Tuesday, April 26, 2011

You need to step up on a step to reach an object on a high shelf over your head. Your starting point should be anatomical position and your finishing point should be the position you are in once your hand has reached the object overhead. Specify the movements, muscles, bones, and joints involved in stepping up on the step. Explain any and all movements individually across each joint involved specifying the actions involved (i.e. flexion, extension, etc.), the muscles causing such actions, the bones being pulled on by said muscles, the types of joints involved, and how these movements collectively relate to the overall scenario/movements in this application.

Stepping up involves first flexing the leg at the hip and at the knee. The upper leg muscles are moved by muscles of the hip, buttock and abdominal cavity; the lower leg muscles are moved by muscles of upper leg; the foot muscles are moved by muscles of lower leg. The iliacus, fascia latae, and psoas major contract to flex the thigh at the hip joint, pulling the femur. The femur articulates with the acetabulum of the hip bone at the hip synovial ball-and-socket joint. This action conducts movement power to the sartorius that flexes the hip and knee, and hamstrings (extend the hip and flex the knee), which contract (while the antagonist quadriceps femoris relaxes) to flex the leg at the patella, which serves to move the power across the synovial knee joint to the lower leg, pulling the tibia and fibula. At this point, the patella tendon contracts to flex the tibia and fibula at the patella. Tibialis anterior executes dorsiflexion of the foot, and gastrocnemius contract to execute plantar flexion of the foot and flexion of knee. To place the foot on the step and lift the body weight onto the step, gluteus maximus extends and steadies the femur, while the hip ball-and-socket joint extends. To lift leg up onto the step flexion of hip, flexion at the knee, and dorsiflexion of the foot occur. To push up onto the step, extension of femur, extension at the knee, and plantar flexion of foot occur. To stabilize the femur into final position, gluteus maximus contracts.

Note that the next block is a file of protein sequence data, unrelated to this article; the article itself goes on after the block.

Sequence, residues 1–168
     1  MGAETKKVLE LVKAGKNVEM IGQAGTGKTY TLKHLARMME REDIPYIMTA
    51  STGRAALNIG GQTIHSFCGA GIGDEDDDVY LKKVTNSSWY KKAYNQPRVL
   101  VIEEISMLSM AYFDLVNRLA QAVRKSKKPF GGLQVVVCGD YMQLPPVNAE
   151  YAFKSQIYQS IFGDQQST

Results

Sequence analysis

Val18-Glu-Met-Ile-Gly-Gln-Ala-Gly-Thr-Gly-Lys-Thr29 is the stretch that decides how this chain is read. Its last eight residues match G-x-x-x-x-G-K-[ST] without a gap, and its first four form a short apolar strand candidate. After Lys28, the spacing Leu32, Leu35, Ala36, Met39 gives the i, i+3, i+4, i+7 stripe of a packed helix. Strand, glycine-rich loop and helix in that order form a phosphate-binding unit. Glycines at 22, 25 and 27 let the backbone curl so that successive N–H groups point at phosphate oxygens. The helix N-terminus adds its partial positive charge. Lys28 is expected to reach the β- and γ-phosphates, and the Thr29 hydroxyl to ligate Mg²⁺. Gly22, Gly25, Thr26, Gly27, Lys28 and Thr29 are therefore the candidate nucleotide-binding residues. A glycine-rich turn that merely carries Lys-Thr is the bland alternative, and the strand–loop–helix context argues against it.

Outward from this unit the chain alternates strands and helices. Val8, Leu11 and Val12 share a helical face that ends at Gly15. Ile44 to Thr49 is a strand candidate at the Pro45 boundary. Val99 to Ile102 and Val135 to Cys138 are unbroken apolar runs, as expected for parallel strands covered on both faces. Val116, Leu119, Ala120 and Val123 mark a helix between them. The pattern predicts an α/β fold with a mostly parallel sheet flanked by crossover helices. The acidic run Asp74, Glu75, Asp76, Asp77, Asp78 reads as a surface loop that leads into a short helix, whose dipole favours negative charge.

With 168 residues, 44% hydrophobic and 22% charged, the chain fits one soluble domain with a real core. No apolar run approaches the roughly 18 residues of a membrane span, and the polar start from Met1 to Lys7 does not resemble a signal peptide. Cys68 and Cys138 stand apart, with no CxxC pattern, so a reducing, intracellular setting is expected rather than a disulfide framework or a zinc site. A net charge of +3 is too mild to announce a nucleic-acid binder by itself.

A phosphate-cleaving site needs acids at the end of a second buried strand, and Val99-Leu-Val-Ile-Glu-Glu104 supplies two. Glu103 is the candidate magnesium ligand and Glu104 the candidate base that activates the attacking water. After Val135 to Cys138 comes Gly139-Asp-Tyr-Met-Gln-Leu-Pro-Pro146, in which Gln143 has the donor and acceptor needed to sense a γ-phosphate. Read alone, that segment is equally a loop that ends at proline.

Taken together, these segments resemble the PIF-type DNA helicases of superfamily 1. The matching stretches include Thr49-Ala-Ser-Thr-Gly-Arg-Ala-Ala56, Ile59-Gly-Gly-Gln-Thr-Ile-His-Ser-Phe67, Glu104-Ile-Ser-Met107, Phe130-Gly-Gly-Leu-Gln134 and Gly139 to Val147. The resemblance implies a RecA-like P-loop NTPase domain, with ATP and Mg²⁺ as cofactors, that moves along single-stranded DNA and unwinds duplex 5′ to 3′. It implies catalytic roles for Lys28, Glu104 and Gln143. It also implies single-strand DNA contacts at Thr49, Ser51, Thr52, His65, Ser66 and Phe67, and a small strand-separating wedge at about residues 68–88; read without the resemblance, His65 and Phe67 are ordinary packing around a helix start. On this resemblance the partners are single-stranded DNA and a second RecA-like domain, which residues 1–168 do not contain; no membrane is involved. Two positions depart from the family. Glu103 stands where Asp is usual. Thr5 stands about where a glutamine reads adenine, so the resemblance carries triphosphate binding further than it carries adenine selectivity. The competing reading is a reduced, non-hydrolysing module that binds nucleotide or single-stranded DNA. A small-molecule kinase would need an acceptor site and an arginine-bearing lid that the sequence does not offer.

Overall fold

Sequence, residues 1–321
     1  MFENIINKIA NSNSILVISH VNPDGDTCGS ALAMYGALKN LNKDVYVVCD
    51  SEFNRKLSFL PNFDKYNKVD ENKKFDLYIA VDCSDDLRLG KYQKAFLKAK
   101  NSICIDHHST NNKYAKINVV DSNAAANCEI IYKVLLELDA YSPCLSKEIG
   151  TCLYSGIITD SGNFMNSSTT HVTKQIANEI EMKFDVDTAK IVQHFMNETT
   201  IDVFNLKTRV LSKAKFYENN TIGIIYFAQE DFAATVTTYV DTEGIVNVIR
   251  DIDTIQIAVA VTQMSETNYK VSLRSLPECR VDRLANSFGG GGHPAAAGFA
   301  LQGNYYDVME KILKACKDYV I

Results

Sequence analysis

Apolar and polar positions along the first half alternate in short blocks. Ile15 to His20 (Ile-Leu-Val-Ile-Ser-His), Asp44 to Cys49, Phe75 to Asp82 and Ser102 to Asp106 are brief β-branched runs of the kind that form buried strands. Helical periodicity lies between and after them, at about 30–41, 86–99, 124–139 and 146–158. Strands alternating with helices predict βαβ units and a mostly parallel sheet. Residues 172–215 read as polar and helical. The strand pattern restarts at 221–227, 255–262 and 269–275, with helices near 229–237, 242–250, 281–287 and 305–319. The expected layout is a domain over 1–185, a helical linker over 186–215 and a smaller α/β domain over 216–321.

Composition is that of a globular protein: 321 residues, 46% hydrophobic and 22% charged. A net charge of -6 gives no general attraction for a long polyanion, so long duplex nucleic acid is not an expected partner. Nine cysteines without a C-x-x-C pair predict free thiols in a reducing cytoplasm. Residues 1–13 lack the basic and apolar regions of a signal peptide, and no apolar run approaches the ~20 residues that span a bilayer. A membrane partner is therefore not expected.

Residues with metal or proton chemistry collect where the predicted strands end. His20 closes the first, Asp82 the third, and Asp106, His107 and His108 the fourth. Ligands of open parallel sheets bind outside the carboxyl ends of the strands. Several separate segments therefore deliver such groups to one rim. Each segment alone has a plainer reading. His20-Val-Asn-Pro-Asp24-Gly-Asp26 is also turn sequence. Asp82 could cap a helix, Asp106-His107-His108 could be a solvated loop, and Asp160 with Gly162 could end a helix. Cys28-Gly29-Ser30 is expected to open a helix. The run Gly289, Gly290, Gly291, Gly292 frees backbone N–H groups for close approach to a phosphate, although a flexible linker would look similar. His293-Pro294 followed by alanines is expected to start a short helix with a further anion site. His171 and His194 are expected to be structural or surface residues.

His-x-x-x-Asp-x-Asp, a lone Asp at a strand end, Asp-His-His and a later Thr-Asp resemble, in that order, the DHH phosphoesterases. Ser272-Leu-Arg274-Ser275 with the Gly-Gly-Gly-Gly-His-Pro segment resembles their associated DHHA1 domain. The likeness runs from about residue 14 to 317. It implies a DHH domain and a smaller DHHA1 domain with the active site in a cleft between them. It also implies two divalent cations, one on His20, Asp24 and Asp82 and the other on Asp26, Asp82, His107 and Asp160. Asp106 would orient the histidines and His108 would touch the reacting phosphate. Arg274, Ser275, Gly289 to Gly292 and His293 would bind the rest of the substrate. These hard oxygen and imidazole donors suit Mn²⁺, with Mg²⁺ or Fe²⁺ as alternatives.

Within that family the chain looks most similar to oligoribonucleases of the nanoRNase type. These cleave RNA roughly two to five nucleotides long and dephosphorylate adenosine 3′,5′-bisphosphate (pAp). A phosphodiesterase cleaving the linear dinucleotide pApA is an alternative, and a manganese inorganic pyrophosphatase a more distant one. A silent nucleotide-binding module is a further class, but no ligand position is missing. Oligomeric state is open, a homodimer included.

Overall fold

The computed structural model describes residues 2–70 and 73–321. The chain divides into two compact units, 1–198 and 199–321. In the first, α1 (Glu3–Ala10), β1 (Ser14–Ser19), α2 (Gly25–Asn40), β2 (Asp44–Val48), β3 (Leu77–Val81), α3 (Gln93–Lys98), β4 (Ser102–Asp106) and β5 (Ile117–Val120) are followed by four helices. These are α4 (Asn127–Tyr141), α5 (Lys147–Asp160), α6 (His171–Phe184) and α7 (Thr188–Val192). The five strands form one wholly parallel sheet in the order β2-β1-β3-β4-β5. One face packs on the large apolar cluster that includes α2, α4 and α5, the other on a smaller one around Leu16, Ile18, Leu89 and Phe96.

Coleman, D. (Director). (2005). Anatomy for beginners: The anatomy of movement. (Reality TV Show). United Kingdom.

Tortora, G.J., Derrickson B. (2010).  Introduction to the Human Body:  The Essentials of Anatomy and Physiology (8th Ed.).  Hoboken, NJ: John Wiley & Sons, Inc. 

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